Leweston celebrates excellent A Levels
Excellent A Level and Pre-U results for Year 13 . . .
Geography is the study of where places are, what they are like, what life is like in them, how and why they are changing, and why there are arguments about how we use them. As a subject it helps to give pupils a greater awareness of major issues of importance which affect our daily life; eg. population growth and distribution, energy supplies, farming and the European Community, industrial development, environmental pollution, Developing World issues and natural disasters.
The emphasis in the Geography Department is on both enjoyment and academic achievement. This is reflected in the department attracting a large number of students at both GCSE and A Level, with a high proportion gaining top grades. Every year girls go on to study the subject at university.
In Geography at Key Stage Three the Department works from the 'known' environment of the home region, Dorset, leading to studies of countries further afield in Europe, Africa and Asia, with particular reference to Italy, the UK, Kenya, Brazil, Japan and China.
Fieldwork is introduced at the earliest opportunity, using our beautiful grounds, then progressing to a farm visit, an excursion to the Dorset coast, Glastonbury Tor or a city visit. More exotic locations are visited by ICT research, DVD presentations or school visits to Italy or France.
Pupils are introduced to Google Earth and other geographical website to research and produce their own projects and presentations. They become efficient and discerning users of the Internet at a very early stage in their education. This background provides girls in Years 7-9 with a thorough, skills-based geographical education and it is always a popular choice when GCSE options are chosen at the end of Year 9.
The GCSE Geography syllabus is divided into a number of components: tectonic activity, rocks and landscapes, coasts, population, industry, managing resources and tourism and skills related to map work.
The syllabus is ‘skills-based' which means that pupils learn how to collect, use and interpret geographical facts and figures (data) from a wide range of sources. They will gain confidence ‘in the field' by a number of fieldwork excursions and will also use atlases, texts, O.S. maps, video material, rock samples, and reference books to build up a picture of the dynamic geographical landscape. Much of the work is enquiry based using individual resources; students are encouraged to work as individuals and think for themselves.
There are two written papers which are set at two tiers (Foundation and Higher). Each tier examines broadly similar issues and resources. The Foundation Tier utilises short structured questions. The Higher Tier includes opportunities for some more extended answers. In addition students carry out an Individual Study completed by the end of the Spring Term Year 11 and based on personal research of a topic chosen by the student, in consultation with the teacher.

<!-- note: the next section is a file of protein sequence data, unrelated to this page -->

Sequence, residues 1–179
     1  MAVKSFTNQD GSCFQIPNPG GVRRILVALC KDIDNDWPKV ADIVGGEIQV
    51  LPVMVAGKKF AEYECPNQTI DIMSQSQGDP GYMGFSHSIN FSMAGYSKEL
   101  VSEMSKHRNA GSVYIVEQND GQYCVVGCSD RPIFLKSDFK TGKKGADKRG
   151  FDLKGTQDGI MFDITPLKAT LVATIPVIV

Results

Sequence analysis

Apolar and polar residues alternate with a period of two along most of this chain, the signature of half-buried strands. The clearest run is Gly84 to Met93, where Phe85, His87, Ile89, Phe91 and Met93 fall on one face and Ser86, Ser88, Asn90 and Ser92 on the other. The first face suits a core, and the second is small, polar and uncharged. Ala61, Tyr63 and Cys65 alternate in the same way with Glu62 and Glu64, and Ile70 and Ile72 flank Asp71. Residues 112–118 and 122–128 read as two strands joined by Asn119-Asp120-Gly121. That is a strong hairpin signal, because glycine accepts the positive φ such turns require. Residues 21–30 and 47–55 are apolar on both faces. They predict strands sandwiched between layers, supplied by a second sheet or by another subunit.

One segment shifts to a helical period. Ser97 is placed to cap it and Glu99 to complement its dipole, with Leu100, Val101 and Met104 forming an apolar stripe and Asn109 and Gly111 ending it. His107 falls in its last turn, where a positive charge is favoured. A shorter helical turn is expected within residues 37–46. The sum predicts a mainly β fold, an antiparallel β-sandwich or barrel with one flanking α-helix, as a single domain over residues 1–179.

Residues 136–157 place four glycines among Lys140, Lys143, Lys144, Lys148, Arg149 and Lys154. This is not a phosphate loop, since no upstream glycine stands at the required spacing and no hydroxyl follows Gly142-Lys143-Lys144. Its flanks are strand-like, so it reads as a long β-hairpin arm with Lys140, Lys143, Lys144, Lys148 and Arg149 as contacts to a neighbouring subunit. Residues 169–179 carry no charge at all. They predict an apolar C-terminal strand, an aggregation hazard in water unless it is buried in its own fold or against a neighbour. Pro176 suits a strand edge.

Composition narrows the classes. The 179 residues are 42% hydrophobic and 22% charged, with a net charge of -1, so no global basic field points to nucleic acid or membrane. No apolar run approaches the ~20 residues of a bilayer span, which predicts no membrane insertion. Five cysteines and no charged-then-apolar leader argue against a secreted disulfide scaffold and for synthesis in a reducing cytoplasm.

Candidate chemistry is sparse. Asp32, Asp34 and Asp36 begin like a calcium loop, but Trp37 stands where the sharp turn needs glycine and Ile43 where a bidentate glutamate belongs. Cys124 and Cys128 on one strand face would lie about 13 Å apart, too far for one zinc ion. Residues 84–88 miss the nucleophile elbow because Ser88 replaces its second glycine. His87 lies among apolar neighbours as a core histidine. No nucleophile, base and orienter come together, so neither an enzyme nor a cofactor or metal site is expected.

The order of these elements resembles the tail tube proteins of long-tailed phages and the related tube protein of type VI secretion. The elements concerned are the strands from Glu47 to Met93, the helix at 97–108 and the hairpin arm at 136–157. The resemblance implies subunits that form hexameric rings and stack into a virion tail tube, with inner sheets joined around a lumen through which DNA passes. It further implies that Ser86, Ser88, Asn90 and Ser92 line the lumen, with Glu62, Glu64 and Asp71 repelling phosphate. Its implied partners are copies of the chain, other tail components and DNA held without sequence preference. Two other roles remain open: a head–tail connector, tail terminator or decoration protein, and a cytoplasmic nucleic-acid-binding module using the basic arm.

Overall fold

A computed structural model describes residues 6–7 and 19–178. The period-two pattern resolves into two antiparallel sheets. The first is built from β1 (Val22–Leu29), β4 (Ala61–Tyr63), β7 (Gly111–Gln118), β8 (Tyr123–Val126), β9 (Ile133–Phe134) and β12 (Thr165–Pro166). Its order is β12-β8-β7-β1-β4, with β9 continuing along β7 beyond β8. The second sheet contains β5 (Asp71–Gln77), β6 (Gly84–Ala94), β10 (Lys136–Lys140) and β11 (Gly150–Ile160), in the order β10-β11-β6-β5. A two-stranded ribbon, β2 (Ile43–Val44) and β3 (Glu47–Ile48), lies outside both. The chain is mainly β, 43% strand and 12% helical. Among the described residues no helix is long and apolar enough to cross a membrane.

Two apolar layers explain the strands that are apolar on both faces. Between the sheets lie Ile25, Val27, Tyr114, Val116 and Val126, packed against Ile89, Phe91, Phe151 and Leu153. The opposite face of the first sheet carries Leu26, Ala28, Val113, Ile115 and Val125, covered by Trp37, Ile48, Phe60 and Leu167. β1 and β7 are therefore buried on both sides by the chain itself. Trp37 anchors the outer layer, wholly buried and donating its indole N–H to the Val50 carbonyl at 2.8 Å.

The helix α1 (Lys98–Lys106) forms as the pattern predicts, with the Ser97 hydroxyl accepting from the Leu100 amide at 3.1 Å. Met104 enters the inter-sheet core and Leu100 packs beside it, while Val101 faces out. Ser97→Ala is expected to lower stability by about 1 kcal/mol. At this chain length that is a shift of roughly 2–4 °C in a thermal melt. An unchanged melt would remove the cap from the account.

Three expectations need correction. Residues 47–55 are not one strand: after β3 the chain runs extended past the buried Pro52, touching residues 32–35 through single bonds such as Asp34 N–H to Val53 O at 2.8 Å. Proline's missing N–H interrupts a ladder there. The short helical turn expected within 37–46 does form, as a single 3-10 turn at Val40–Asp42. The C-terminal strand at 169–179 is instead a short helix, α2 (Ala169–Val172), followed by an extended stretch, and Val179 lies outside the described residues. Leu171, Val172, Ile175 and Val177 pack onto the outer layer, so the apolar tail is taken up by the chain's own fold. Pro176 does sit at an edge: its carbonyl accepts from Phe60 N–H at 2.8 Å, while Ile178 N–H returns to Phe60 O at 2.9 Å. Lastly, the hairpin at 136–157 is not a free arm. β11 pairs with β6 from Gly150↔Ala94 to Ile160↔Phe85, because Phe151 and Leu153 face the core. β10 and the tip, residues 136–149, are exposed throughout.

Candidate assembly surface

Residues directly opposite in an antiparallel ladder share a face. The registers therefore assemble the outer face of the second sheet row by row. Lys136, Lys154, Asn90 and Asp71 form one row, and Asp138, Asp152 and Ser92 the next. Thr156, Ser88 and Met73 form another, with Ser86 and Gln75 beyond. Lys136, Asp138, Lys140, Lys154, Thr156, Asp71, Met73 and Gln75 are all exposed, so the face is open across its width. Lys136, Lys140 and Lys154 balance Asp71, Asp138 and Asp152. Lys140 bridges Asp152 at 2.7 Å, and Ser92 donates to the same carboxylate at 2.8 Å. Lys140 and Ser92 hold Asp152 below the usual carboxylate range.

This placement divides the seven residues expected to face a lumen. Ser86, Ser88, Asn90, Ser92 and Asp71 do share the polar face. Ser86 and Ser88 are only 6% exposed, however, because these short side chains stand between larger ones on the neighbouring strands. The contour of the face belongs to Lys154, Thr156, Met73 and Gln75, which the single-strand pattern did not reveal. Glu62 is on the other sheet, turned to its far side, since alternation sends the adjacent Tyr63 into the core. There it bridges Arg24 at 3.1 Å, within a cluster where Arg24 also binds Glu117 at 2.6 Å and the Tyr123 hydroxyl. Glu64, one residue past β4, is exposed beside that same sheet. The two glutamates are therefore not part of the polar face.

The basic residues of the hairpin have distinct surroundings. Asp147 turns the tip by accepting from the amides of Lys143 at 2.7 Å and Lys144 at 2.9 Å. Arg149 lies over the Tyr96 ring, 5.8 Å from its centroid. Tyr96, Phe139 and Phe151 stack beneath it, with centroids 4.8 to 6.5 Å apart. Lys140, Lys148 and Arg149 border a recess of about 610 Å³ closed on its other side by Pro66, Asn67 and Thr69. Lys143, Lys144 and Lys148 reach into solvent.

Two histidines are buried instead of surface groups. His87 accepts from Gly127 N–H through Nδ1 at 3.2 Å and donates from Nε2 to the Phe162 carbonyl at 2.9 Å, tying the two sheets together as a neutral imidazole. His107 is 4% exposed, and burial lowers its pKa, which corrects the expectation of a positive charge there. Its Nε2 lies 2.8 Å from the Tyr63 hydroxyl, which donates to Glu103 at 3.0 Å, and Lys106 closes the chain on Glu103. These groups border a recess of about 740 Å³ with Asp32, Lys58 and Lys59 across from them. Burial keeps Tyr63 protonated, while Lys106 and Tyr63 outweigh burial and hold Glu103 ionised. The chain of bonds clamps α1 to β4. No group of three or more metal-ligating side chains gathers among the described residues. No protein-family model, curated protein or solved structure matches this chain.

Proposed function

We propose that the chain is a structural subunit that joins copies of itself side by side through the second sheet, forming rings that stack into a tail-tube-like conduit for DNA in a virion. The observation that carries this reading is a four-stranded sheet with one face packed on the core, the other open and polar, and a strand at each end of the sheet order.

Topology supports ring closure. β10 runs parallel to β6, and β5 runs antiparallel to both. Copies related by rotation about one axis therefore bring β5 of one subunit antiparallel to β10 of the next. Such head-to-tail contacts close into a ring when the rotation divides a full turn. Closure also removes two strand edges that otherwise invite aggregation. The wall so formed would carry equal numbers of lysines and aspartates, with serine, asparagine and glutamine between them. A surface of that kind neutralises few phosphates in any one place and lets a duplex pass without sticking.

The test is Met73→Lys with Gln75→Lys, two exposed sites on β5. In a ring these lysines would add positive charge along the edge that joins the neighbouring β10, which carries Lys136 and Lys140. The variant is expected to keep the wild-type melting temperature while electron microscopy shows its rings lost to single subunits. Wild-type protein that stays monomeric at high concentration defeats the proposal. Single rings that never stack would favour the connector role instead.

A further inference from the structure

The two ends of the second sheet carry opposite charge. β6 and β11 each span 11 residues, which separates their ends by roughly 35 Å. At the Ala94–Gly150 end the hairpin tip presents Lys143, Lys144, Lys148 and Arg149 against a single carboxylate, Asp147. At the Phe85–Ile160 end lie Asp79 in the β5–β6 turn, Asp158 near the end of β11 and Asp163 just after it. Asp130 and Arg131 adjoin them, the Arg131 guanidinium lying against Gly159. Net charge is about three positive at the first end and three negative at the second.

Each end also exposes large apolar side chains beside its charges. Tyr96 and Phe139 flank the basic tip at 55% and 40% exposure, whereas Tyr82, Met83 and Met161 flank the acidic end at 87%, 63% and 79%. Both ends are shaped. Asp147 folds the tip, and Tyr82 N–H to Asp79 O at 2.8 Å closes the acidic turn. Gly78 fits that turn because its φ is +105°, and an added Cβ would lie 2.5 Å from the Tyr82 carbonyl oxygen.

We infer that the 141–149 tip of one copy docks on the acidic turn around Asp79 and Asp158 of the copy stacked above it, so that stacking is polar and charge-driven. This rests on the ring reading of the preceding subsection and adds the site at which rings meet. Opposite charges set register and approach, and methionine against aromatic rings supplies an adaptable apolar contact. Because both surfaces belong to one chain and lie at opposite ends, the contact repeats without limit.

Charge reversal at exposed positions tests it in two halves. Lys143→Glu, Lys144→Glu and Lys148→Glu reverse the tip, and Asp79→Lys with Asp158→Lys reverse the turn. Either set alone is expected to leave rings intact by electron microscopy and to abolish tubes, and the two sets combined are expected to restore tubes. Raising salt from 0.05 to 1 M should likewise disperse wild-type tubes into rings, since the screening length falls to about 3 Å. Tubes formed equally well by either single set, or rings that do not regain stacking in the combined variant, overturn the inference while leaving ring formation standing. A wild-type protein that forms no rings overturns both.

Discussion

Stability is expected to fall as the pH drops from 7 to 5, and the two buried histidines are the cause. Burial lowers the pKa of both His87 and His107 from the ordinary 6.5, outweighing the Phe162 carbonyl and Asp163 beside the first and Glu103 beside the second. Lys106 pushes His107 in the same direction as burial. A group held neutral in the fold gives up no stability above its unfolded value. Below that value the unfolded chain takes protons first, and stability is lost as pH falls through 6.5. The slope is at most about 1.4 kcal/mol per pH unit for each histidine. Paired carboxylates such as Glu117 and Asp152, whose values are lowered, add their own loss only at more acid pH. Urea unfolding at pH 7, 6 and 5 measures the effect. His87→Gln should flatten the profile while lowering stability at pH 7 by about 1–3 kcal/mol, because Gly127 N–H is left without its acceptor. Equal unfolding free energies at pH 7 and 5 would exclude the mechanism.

Geography at A Level is concerned with the analysis of environmental and spatial systems at all levels from global concerns down to local issues. It straddles the traditional sciences and social sciences, combining equally well with Science or Arts A Level subjects and is therefore consistently one of the most popular subjects in the School.
The AS Level consists of the study of the following: the Physical environment includes earth systems, coastal environments and fluvial environments; the human environment includes population characteristics and movement and settlement patterns and a geographical investigation centred around fieldwork or an applied geographical skills examination.
These AS modules lead onto A2 modules which cover aspects of both physical and human geography, but in greater depth - students can chose options within physical geography from atmospheric systems, glacial systems and ecosystems; economic systems, rural-urban inter-relationships and development processes. There is also a synoptic unit which involves assessment of a student's ability to understand the impact of human activity on global environments.
Leweston is lucky enough to be close to some of the finest fieldwork sites in the UK, and regular coastal, fluvial and urban studies are undertaken in such locations as Lulworth Cove, Durdle Door, the River Frome and Piddle. Residential fieldwork has also been carried out at Slapton Sands and Dartmoor in Devon, the Lake District, the Brecon Beacons as well as international study visits to Holland, France and Iceland.